Mixed Schooling. In the charged atmosphere of Reconstruction, when many southern whites remained bitter over the manifold results of the war, educators inevitably had to confront the dilemma of sharp racial antagonism. Specifically, they were faced with a choice between organizing an integrated or a segregated system of public education. Although integrated schools had been successfully established in a few areas—most notably New Orleans—many whites refused outright to send their children to school alongside blacks. Former slaves and their descendants harbored a different perspective. While they did not necessarily desire to attend school with whites either, and in some cases valued the autonomy that separate schools offered, they resented the stigma of inferiority that segregationists endeavored to maintain, and generally spoke out in favor of integrated schools. This set them at odds with the trustees of the Peabody Fund, who employed their considerable prestige and influence—besides money—to undermine efforts at integration. Sears in particular railed against the “futile attempt to force ’mixed schools,’ “and warned that “any authoritative interference with the schools of these States would be disastrous to the dearest interests of education.”
Separate but Equal. Although his death in London in 1869 removed him from the controversy before it reached its zenith, Peabody himself apparently acquiesced in Sears’s judgment, and the fund as a whole came in for severe criticism. The abolitionist William Lloyd Garrison called Peabody “conservative by structure, taste, and affinity,” while others complained that Sears had “imbibed the Southern prejudice against the Negro.” Sears’s controversial proposal to devote less per capita funding to black schools than the fund expended upon white schools, which he justified with the claim that “it costs less to maintain schools for the colored children than for the white,” further raised the ire of fund critics. With some justification they claimed that northern philanthropy was being used to restore the racial order that the Civil War had aimed to topple.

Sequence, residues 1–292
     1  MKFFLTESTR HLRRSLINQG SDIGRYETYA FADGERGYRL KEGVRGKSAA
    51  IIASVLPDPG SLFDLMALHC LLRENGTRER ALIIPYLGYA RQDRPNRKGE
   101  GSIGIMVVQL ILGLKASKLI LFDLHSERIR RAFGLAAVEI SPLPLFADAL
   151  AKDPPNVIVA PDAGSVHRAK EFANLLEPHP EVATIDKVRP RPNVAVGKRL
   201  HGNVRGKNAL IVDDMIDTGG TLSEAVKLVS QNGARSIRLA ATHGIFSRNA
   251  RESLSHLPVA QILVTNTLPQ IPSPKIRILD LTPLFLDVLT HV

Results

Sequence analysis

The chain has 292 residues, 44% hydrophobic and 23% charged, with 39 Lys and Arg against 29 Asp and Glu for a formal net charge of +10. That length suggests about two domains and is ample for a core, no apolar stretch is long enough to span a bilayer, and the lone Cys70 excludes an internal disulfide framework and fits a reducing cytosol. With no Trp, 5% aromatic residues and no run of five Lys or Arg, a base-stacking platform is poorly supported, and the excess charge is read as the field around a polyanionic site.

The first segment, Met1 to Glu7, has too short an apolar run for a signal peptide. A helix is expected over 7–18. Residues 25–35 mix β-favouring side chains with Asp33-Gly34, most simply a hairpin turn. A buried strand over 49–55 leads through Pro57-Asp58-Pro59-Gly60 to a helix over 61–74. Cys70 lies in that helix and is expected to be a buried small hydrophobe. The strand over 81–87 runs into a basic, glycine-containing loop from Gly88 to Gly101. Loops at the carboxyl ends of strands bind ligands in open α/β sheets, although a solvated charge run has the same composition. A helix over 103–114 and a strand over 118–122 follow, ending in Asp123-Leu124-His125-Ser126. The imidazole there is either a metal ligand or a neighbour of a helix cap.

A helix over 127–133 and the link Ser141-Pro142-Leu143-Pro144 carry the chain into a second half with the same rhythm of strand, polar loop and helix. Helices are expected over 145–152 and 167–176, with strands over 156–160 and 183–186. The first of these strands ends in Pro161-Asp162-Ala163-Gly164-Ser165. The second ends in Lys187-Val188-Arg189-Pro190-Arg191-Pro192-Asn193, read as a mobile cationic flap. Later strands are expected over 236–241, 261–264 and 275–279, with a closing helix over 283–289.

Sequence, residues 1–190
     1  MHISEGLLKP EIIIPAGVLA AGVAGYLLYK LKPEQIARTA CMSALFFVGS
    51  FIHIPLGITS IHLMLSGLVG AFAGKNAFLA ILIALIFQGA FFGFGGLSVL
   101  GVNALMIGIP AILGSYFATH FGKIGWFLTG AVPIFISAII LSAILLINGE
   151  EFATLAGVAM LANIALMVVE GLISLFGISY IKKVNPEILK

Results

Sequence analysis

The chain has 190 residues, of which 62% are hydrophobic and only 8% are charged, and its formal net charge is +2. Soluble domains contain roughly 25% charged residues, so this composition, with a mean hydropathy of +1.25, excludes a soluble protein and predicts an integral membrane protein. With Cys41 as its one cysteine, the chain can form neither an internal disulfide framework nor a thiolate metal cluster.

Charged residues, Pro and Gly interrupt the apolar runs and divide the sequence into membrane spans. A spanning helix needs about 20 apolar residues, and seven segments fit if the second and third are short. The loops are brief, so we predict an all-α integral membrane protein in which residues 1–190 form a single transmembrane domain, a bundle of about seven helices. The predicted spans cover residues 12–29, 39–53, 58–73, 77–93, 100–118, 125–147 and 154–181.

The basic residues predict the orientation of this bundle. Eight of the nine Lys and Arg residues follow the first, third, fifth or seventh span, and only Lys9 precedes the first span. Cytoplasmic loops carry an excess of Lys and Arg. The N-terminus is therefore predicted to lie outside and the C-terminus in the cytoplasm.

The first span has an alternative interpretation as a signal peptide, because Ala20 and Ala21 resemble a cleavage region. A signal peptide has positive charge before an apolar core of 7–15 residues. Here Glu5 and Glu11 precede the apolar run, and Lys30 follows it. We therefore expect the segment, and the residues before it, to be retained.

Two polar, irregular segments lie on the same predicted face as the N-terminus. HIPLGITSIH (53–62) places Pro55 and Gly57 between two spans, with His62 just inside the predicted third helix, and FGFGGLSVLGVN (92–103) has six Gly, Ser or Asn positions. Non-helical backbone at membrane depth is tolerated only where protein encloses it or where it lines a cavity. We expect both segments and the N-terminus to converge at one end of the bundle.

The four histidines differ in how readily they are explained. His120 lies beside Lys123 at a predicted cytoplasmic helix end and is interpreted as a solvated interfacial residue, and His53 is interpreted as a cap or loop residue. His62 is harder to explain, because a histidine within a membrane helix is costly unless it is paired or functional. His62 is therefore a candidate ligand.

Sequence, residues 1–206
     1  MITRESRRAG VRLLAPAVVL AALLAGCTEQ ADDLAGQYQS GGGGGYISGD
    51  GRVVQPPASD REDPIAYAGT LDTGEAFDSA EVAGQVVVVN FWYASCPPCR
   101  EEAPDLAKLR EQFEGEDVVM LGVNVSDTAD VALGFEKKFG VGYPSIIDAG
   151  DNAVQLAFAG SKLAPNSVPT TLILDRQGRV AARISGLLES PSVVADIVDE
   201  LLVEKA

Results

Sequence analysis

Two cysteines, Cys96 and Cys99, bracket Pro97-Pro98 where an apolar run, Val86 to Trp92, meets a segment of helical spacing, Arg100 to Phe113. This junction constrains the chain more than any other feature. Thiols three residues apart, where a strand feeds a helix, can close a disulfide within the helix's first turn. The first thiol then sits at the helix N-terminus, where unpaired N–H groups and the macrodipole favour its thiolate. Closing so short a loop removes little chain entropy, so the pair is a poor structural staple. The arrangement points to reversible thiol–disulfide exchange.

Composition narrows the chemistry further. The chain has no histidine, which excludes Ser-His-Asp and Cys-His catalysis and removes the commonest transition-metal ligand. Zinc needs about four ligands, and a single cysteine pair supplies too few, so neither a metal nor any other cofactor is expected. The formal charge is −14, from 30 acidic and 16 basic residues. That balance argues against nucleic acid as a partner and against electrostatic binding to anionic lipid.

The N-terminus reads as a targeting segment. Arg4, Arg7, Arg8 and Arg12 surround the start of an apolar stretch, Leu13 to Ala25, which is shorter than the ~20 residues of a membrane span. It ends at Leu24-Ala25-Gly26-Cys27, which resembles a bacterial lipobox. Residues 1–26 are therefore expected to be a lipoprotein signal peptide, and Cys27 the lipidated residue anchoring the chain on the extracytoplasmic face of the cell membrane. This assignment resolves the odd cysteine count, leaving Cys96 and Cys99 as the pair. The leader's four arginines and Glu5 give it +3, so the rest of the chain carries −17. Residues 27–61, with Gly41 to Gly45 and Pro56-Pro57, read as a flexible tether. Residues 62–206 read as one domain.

J. L. Curry, A Brief Sketch of George Peabody, and a History of the Peabody Fund through Thirty Years (New York: Negro Universities Press, 1969).
George Peabody (1795-1869), American merchant, financier, and philanthropist, amassed a fortune during his business career. He began as a merchant and ended as a banker and dealer in American securities in England.
Born on Feb. 18, 1795, in Danvers, Mass., George Peabody had a limited education before being apprenticed to a grocer at the age of 11. He subsequently was involved in other mercantile establishments, served briefly in the War of 1812, and became a partner of Elisha Riggs in a wholesale dry-goods establishment in Georgetown, D.C., in 1812. The partners opened branches in Baltimore, New York, and Philadelphia, and Peabody went to London in 1827. When Riggs retired 2 years later, Peabody became the senior partner. He settled permanently in England in 1837.